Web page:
1. By my computation, the Rays' share of the new contracts with Fox, ESPN and TBS will generate at least $25 million per year for the Rays. Will it be spent on hitters and retaining pitching?
Before delving into the ramifications of the new national television contracts, let's break down exactly what we're talking about here. In case anyone missed the news, MLB recently signed new long-term deals for national television coverage with ESPN, Fox, and Turner. ESPN will now be paying MLB $700 million per year -- up from $360 million -- while Fox and Turner will be paying a combined $800 million per year. This money is divided equally between the 30 clubs (although there's likely some skimming off the top by MLB), which means under the new contracts, each team will be getting around $50 million per year in national television revenue. That's around double what clubs were receiving before, so yes, it does equal out to around an extra $25 million in budget room for the Rays.
Before we start jumping for joy, though, these contracts are not going to work like a short-term boost to the Rays' pocketbook. First of all, these contracts don't kick in until 2014, so they won't help with budgeting for the 2013 season at all. The money is something the Rays can count on going forward, but it's not like the Rays just found a $100 bill in their jacket pocket.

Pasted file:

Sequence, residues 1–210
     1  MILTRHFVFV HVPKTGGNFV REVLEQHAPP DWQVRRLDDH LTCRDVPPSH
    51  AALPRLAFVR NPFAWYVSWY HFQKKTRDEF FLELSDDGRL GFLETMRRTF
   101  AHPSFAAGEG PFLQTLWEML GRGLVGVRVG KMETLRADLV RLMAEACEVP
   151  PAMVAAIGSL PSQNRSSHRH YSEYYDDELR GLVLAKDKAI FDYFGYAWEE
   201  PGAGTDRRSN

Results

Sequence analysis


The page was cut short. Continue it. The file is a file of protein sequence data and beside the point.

And second of all, these contracts -- along with the huge local television contracts coming into the game -- are going to have a huge impact on the market. We began to see these effects somewhat last off-season, as teams started to wrap their brains around this new world of huge television contracts, and Joey Votto's huge contract extension with the Reds was a perfect example. As Dave Cameron said at the time (emphasis mine):
Put simply, we're seeing some positive shocks to the game's economy, and the result looks to be a significant uptick in willingness by teams to borrow from their own futures to finance talent acquisition in the present.